Newbie Trying Wanting To Know What To Expect

Topic 19932 | Page 1

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Toro's Comment
member avatar

Hello I am new to trucking, I have a cdl , I have been driving farm trucks, mainly straight truck, I been thinking about going over the road , I am currently talking to Western Express out of Nashville Tennessee, the recruiter I've been talking to, said I would half to take a two day refresher program, which I am fine with, other than I was a little shocked that the refresher is only a two day program, I figured at least a week to knock off any rust, I got leary when he kept saying Western Express has a sliding pay scale, and quoted I'd be averaging anywhere between 1100-1500 dollars a week, if that's legit I am not complaining, but I think it sounds a little high for rookie pay, I've been told to use caution to what a recruiter says, my questions are how far off base is this recruiter sales pitch to me? And is Western Express a decent place to work for? Is the pay not only decent for a rookie, but the paycheck is always when they say, with little errors on it? That way I don't half to worry about things being not shutoff on the family while I am gone.

I know no company is perfect in any profession and it's what one gives it, by keeping your head down, keep doing your job to the t day in and day out, moving forward till the next door opens.

I'm just trying minimize the risk by hopefully clearing up a few smoking mirrors.

CDL:

Commercial Driver's License (CDL)

A CDL is required to drive any of the following vehicles:

  • Any combination of vehicles with a gross combined weight rating (GCWR) of 26,001 or more pounds, providing the gross vehicle weight rating (GVWR) of the vehicle being towed is in excess of 10,000 pounds.
  • Any single vehicle with a GVWR of 26,001 or more pounds, or any such vehicle towing another not in excess of 10,000 pounds.
  • Any vehicle, regardless of size, designed to transport 16 or more persons, including the driver.
  • Any vehicle required by federal regulations to be placarded while transporting hazardous materials.

Over The Road:

Over The Road

OTR driving normally means you'll be hauling freight to various customers throughout your company's hauling region. It often entails being gone from home for two to three weeks at a time.

OldRookie's Comment
member avatar

Hello I am new to trucking, I have a cdl , I have been driving farm trucks, mainly straight truck, I been thinking about going over the road , I am currently talking to Western Express out of Nashville Tennessee, the recruiter I've been talking to, said I would half to take a two day refresher program, which I am fine with, other than I was a little shocked that the refresher is only a two day program, I figured at least a week to knock off any rust, I got leary when he kept saying Western Express has a sliding pay scale, and quoted I'd be averaging anywhere between 1100-1500 dollars a week, if that's legit I am not complaining, but I think it sounds a little high for rookie pay, I've been told to use caution to what a recruiter says, my questions are how far off base is this recruiter sales pitch to me? And is Western Express a decent place to work for? Is the pay not only decent for a rookie, but the paycheck is always when they say, with little errors on it? That way I don't half to worry about things being not shutoff on the family while I am gone.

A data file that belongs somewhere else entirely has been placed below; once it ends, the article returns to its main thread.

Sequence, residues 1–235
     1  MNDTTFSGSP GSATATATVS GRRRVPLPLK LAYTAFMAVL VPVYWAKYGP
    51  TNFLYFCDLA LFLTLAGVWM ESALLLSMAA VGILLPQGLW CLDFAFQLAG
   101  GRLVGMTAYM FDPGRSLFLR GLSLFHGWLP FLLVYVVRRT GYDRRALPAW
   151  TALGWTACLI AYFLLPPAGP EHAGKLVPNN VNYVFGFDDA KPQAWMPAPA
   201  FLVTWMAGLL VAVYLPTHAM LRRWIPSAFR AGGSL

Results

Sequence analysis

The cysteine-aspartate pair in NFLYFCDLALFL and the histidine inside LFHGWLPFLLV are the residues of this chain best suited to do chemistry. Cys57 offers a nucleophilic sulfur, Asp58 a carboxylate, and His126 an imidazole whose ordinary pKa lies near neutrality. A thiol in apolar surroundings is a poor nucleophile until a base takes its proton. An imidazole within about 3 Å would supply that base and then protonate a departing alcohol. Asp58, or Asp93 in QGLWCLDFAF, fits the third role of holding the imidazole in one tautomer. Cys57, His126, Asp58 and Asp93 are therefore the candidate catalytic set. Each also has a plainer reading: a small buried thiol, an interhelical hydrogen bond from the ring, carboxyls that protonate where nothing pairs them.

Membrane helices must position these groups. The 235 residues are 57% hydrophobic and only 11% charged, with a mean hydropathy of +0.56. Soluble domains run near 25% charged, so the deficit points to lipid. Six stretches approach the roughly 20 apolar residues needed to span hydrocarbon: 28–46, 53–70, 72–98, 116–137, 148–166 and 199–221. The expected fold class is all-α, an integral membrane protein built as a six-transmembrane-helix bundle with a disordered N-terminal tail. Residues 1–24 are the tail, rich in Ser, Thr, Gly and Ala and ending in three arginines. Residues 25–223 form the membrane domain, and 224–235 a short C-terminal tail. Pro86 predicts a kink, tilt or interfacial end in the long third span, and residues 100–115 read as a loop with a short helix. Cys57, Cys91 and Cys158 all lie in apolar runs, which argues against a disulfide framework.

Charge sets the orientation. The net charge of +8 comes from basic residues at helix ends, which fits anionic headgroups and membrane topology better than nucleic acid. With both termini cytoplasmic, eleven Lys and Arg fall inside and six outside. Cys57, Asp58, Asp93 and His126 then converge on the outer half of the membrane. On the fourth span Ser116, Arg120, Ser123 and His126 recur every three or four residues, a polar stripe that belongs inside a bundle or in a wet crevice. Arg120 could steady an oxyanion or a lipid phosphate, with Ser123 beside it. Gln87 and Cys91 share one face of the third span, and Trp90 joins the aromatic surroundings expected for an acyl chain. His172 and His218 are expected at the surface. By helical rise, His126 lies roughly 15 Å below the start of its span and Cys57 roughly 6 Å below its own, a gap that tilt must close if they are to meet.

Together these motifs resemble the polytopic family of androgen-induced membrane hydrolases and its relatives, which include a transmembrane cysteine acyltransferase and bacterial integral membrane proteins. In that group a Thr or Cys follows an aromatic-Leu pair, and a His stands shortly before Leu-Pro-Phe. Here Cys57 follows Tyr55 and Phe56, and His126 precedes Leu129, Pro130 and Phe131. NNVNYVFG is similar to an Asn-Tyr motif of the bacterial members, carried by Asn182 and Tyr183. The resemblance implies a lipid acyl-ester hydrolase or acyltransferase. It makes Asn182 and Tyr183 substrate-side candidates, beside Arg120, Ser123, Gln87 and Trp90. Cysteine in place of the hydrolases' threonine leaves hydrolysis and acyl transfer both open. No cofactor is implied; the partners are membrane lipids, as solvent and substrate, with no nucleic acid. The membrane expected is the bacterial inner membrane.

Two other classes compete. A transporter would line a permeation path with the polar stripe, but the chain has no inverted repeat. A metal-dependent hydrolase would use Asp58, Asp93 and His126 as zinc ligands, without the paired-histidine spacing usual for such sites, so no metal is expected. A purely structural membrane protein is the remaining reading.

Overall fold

I know no company is perfect in any profession and it's what one gives it, by keeping your head down, keep doing your job to the t day in and day out, moving forward till the next door opens.

I'm just trying minimize the risk by hopefully clearing up a few smoking mirrors.

I can't speak to working at Western, but I'm close to finishing my first year solo with Millis and I would say that averaging $1,100 a week, gross (i.e. before taxes and deductions), is a reasonable expectation for someone willing to work hard. $1,100 a week works out to 2,500 miles a week, at 44 CPM.

When considering all of this, keep in mind that your miles each week will vary. For example, last week I had a little over 3,200 miles. This week, I'll be a little less than 2,500... and I've had weeks as low as 2,000 miles. Overall, for the past 50 weeks, my average is around 2,500. That average includes all of my home time and 2 full weeks I have taken off.

One other thing, keep in mind, it costs you money to be out on the road... food, drink, laundry, etc. Some people spend $20 a day, some spend $5... so what you actually have left for your family obligations will depend on how frugally you can live on the road.

CDL:

Commercial Driver's License (CDL)

A CDL is required to drive any of the following vehicles:

  • Any combination of vehicles with a gross combined weight rating (GCWR) of 26,001 or more pounds, providing the gross vehicle weight rating (GVWR) of the vehicle being towed is in excess of 10,000 pounds.
  • Any single vehicle with a GVWR of 26,001 or more pounds, or any such vehicle towing another not in excess of 10,000 pounds.
  • Any vehicle, regardless of size, designed to transport 16 or more persons, including the driver.
  • Any vehicle required by federal regulations to be placarded while transporting hazardous materials.

Over The Road:

Over The Road

OTR driving normally means you'll be hauling freight to various customers throughout your company's hauling region. It often entails being gone from home for two to three weeks at a time.

CPM:

Cents Per Mile

Drivers are often paid by the mile and it's given in cents per mile, or cpm.

Make Trucking Great Again's Comment
member avatar